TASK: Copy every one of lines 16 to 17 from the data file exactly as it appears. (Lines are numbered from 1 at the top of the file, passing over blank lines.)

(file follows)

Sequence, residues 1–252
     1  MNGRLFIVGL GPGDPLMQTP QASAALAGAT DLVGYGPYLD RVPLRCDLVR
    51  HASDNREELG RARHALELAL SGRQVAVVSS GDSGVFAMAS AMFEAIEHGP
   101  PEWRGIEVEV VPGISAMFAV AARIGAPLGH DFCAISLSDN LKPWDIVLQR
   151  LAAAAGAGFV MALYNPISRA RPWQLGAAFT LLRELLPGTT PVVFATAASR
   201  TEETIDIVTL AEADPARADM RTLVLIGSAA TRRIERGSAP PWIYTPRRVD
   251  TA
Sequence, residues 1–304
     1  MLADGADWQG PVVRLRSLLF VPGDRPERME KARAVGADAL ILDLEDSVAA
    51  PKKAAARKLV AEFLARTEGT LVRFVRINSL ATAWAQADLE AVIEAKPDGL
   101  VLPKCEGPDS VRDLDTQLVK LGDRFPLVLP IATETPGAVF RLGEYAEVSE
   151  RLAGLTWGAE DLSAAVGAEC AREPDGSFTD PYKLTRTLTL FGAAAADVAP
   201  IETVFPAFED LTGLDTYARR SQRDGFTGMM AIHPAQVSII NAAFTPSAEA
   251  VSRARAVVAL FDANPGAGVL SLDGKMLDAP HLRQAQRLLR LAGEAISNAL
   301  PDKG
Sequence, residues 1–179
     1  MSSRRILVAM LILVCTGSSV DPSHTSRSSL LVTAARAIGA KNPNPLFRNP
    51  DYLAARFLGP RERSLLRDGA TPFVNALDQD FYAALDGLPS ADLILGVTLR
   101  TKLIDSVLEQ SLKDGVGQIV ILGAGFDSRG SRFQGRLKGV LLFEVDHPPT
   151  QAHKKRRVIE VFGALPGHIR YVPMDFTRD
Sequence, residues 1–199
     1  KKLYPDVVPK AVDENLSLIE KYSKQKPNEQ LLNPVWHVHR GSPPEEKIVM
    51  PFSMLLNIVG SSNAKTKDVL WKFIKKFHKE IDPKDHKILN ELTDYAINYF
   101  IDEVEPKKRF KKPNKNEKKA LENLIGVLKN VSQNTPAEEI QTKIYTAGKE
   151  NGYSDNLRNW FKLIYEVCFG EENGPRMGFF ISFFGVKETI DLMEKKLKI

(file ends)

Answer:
Sequence, residues 1–179
     1  MSSRRILVAM LILVCTGSSV DPSHTSRSSL LVTAARAIGA KNPNPLFRNP